Top 10 True Western Towns of 2010


The year 2009 was the 150th anniversary of the Comstock Lode, the first major U.S. discovery of silver ore, located under Virginia City, Nevada—population 1,000.

To celebrate the anniversary, the University of Nevada opened a special exhibit that featured Mackay silver, maps of mining claims, stock certificates, mining company records and letters from miners. The university also hosted free “Comstock Conversations” to discuss various aspects of the era, ranging from Mark Twain reporting at the Territorial Enterprise to a controversial brothel play.

In this important anniversary year, Virginia City also hit another milestone. On August 14, 2009, the Queen of the Short Lines ran the first train over the Virginia & Truckee Railway line in 68 years. The Nevada Commission for the Reconstruction of the V&T Railway is rebuilding the line from Gold Hill to Carson City, with completion due in 2012. The V&T first rolled on the tracks in 1870, over a route that made enough turns to go around in a circle 17 times, earning it the title as the “Crookedest Railroad in the World.”

Virginia City is a National Historic Landmark that attracts more than two million visitors per year. The historic district includes Gold Hill, Silver City and downtown Dayton, numbering 382 contributing buildings and 14,750 acres. Don’t listen to the yarn that the district is the nation’s largest; former Nevada State Archivist Guy Rocha has busted the myth. In terms of acreage, the King Ranch in Texas beats it out at 1.2 million acres. In terms of buildings, the Lancaster Historic District in Pennsylvania has the most with 13,411 contributing buildings.

What Virginia City does have is good reason to be a national landmark. Boardwalks still line the streets, showing off the remarkable collection of 19th-century buildings, abandoned mine shafts and thousands of archaeological sites. Some of its most notable buildings include the First Presbyterian Church, built in 1867 and one of the few buildings still standing after the Great Fire of 1875; the state’s oldest hotel, the 1861 Gold Hill Hotel; and the 1885 Piper Opera House. The Barbary Coast archaeological digs in 2000 have allowed for greater interpretation of Virginia City, where ethnicities mixed freely, as proven by one of the dig sites, the black-owned Boston Saloon.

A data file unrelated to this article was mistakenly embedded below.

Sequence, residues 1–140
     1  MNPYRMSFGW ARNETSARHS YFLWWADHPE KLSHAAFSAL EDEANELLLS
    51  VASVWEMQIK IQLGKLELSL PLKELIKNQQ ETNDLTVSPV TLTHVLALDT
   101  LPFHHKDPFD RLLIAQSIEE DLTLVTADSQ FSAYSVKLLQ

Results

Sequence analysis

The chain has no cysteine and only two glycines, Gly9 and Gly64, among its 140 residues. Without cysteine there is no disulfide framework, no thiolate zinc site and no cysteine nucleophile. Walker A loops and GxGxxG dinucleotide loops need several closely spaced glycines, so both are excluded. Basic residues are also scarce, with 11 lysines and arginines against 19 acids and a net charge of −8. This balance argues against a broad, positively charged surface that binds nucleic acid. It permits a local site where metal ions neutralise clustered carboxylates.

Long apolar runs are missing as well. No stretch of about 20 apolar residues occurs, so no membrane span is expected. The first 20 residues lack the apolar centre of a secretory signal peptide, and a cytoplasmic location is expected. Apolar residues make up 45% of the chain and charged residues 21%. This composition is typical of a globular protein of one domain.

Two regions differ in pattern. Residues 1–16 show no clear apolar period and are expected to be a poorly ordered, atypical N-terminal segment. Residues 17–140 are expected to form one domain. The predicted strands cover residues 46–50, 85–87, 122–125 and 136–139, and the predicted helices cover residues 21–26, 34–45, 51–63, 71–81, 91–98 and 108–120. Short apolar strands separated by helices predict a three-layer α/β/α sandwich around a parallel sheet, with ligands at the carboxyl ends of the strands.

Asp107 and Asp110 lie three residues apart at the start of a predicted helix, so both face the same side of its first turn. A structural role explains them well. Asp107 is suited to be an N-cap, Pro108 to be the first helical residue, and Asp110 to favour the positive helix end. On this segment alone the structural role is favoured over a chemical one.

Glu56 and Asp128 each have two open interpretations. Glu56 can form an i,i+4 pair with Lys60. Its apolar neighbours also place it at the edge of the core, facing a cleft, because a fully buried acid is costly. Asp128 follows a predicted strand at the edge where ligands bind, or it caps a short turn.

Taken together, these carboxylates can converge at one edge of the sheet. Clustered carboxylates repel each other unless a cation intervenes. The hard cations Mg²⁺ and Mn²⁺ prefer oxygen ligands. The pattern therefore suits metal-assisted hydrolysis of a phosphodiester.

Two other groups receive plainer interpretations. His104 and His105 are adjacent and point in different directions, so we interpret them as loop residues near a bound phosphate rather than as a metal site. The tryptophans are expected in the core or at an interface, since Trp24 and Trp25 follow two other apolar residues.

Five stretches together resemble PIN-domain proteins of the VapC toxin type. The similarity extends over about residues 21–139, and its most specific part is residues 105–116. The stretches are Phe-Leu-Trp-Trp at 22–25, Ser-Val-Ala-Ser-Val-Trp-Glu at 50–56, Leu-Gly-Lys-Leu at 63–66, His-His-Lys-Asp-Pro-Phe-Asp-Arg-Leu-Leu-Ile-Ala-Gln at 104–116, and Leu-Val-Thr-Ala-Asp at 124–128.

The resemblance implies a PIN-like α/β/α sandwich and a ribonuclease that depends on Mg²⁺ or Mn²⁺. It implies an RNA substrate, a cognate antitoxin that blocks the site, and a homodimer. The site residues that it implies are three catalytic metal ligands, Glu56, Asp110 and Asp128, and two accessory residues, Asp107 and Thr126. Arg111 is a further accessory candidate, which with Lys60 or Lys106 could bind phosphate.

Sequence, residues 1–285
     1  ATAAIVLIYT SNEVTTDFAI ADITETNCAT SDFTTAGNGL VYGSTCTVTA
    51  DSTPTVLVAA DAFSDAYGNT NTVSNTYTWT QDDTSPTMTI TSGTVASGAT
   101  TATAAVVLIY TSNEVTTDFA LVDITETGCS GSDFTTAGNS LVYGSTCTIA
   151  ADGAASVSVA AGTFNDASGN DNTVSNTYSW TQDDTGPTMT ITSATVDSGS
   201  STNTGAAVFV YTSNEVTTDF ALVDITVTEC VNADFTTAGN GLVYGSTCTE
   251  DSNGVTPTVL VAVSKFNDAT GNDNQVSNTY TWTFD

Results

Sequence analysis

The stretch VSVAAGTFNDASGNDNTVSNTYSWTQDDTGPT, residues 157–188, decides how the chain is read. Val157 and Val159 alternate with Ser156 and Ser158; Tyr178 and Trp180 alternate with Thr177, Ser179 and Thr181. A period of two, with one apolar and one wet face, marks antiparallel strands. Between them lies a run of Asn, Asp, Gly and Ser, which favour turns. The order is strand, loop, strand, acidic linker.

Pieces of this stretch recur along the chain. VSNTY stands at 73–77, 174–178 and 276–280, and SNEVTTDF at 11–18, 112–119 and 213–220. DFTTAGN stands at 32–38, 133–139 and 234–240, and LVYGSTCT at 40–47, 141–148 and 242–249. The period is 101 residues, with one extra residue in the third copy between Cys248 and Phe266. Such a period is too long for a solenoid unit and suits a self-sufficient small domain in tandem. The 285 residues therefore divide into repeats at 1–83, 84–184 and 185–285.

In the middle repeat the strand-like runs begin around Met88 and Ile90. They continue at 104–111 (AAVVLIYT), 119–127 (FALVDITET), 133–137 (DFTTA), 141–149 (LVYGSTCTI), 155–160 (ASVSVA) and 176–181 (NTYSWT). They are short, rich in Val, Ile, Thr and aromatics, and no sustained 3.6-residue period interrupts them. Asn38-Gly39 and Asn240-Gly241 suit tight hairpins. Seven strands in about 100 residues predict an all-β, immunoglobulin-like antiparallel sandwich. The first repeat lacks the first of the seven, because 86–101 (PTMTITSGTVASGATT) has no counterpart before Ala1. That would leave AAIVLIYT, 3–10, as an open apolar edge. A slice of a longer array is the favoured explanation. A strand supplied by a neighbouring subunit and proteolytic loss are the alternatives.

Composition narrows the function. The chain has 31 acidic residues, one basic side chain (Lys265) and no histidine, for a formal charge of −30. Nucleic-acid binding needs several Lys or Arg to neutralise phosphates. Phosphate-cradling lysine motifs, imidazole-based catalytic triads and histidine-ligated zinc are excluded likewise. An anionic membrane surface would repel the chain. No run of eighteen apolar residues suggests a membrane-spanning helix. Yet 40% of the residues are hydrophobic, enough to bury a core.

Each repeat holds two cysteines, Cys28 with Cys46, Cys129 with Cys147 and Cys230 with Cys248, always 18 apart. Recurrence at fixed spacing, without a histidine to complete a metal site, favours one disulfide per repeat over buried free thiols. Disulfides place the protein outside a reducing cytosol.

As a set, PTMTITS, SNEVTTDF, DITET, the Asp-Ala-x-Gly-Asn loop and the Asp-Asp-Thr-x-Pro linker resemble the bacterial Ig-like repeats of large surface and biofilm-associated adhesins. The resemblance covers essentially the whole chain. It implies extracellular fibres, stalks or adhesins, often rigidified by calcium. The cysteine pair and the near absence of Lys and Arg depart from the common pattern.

The Comstock Historic Preservation Weekend, held every May, highlights many of these attractions. The event is organized by the 1876 Fourth Ward School, the Nevada Humanities and Storey County.

That Virginia City is a national treasure is unquestionable. Unfortunately the town has been under threat since 2004, according to the National Historic Landmarks Program. Several of its buildings, a portion of the historic highway at Greiner’s Bend and the entire mountainside adjacent to Gold Hill are in danger of sliding into an inactive mining pit that developed in the 1970s. Some of the under-utilized buildings are deteriorating. And the cemeteries in Virginia City and Gold Hill suffer from vandalism.

Preservation leaders have already stepped up to the plate, forming the Comstock Cemetery Foundation to deter the vandalism. More than 100 stolen cemetery artifacts have been returned, and volunteers conducted a survey to find out the motive of these “souvenir hunters.” (The cemeteries seemed abandoned, so they did not see anything wrong with taking the artifacts.) The cemeteries are well cared for now. Board members work for free, utilizing their expertise to attain matching funds for grants. Since the formation in 2000, the board has completed nearly $3 million worth of work for the Comstock cemeteries.

We’re not the only ones who find value in Virginia City. The National Trust named it one of the top 12 Distinctive Destinations in 2009. True West has named it our number one town of 2010 precisely because it is such a richly preserved heritage town. Don’t let Virginia City lose its charms. Do what you can to keep the town from sliding out of history.

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